Soil moisture monitoring networks can provide real-time and accurate soil moisture measurements; however, missing values and the lack of unified measurement depths across different networks impedes soil moisture applications at regional and national scales. Therefore, methods for vertical extrapolation of soil moisture, i.e., using shallow soil moisture measurements to estimate deeper soil moisture, are needed for standardizing measurements to a set of common depths. This study compared three methods, artificial neural network (ANN), linear regression (LR), and exponential filter (ExpF), for vertical extrapolation of soil moisture using data from the Oklahoma Mesonet. Based on our analysis of intra-annual variations in soil moisture, we divided each year into two seasons, warm and cool. Our results demonstrate that all methods perform better in the warm season than in the cool season, especially at deeper depths. The Kling–Gupta efficiency was used to assess the performance of each method. All methods had similar performance for near-surface extrapolation of soil moisture (top 25 cm). Although the accuracy of all models tended to decrease with depth, the ExpF outperformed the other methods at deeper depths. The soil water index (SWI) is preferred over volumetric water content as input to the ExpF. Incorporating air temperature and an antecedent precipitation index into the ANN and LR methods did not significantly improve their accuracy. We demonstrated that both ExpF and general LR can be used for SWI extrapolation at sites where only surface soil moisture data are available. Soil properties may be useful for further improving the accuracy of the general LR method.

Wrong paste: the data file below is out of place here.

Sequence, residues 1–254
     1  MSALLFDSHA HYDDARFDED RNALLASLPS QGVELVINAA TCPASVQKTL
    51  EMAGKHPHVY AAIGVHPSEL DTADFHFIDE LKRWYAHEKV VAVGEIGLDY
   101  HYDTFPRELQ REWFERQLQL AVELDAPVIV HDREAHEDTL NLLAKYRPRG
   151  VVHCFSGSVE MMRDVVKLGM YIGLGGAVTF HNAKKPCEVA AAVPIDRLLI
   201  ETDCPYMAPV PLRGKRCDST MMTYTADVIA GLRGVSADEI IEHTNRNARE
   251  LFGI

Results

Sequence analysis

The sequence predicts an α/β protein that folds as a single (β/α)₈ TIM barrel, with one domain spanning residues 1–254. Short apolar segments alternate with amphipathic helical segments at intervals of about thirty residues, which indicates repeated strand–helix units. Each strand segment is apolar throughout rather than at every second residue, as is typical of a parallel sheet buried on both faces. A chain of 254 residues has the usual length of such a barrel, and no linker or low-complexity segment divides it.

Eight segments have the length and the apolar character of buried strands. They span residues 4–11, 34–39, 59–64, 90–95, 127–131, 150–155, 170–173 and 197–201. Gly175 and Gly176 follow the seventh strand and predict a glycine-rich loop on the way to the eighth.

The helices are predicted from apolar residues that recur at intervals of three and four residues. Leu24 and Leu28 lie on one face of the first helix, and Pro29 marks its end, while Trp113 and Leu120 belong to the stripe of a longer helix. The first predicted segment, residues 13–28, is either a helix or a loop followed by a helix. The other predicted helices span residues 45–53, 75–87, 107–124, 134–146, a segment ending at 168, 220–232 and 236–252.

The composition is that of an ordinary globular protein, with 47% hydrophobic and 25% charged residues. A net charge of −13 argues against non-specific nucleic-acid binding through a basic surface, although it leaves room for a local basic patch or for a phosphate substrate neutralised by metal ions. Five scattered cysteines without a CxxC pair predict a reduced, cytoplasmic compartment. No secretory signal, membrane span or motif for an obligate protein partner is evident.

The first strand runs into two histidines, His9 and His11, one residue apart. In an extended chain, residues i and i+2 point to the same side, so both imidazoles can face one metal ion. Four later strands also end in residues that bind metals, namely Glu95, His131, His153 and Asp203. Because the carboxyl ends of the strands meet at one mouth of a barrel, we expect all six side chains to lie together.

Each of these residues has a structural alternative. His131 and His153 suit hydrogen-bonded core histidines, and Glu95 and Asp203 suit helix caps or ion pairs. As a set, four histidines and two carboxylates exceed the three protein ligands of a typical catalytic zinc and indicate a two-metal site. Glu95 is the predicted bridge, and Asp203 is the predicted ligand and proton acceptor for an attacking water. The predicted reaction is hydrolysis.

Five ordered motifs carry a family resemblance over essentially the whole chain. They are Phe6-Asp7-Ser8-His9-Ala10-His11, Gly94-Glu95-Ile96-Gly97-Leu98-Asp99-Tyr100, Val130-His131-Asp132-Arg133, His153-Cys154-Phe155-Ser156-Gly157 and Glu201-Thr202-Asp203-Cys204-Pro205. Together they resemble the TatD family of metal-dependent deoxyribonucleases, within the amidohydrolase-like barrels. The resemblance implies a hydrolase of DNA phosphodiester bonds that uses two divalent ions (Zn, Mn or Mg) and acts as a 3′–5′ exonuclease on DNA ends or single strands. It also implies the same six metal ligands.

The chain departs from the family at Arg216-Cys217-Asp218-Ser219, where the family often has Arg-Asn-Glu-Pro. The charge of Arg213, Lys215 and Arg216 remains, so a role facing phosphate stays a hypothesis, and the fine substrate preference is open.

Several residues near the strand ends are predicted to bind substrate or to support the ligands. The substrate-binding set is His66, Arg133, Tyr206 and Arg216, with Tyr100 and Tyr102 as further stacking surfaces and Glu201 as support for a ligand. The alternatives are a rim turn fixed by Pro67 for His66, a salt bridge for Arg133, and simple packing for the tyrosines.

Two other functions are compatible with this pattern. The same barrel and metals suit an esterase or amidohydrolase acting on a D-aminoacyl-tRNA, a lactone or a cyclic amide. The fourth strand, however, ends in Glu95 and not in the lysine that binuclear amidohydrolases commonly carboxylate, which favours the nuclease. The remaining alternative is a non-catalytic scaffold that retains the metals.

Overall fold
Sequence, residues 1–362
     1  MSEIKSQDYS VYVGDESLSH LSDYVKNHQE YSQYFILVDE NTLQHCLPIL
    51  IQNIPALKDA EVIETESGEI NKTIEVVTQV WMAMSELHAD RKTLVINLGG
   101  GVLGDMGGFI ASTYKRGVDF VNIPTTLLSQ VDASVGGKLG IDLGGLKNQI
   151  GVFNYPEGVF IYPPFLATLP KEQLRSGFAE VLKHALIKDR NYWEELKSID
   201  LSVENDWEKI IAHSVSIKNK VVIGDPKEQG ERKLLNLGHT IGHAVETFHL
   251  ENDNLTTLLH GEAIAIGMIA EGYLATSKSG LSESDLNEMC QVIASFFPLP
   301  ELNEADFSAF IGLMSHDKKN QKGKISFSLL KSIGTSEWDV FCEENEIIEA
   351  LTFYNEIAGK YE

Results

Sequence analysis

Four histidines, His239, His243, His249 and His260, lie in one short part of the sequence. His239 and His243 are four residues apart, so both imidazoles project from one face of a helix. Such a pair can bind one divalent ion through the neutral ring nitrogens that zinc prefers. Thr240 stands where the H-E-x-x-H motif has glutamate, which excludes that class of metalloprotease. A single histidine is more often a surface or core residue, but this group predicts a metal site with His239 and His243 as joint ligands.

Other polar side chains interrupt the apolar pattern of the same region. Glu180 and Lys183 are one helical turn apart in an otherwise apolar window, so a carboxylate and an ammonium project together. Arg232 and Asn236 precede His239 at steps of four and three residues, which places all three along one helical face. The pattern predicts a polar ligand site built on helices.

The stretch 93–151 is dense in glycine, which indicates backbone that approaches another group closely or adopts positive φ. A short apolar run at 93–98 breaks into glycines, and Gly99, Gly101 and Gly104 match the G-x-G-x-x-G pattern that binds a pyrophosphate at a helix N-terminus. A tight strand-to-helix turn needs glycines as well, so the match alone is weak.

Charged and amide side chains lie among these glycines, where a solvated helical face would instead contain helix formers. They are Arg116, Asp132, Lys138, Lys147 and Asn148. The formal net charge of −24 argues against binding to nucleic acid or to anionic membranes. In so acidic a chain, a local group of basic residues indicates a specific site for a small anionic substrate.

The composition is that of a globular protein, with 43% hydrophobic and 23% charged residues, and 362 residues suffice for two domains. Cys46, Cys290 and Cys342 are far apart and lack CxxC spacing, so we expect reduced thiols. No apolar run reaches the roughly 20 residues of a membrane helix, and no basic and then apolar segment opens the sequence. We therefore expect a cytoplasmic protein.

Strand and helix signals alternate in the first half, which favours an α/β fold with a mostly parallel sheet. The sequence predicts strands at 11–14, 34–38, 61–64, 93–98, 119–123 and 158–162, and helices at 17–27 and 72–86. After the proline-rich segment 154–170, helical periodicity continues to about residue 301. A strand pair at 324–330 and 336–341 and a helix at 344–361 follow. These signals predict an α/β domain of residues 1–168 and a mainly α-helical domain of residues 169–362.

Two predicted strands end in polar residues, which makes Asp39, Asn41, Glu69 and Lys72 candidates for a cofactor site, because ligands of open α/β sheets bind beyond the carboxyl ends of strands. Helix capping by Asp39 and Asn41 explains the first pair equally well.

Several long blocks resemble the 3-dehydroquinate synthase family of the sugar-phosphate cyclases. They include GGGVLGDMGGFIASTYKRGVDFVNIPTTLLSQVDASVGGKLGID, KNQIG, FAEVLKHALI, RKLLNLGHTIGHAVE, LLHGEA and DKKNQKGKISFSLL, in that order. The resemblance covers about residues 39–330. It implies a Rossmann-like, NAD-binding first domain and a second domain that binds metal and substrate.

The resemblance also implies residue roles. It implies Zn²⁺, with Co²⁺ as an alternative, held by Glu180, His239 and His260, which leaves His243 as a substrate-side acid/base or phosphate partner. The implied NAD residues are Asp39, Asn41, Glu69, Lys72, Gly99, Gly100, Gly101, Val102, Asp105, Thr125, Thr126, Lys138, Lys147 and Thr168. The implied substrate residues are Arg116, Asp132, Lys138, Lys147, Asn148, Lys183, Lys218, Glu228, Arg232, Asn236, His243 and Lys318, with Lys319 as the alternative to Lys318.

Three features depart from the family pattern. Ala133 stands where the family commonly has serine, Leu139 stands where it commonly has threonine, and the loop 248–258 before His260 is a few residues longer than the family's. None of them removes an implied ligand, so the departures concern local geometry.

ASJC Scopus subject areas
- Soil Science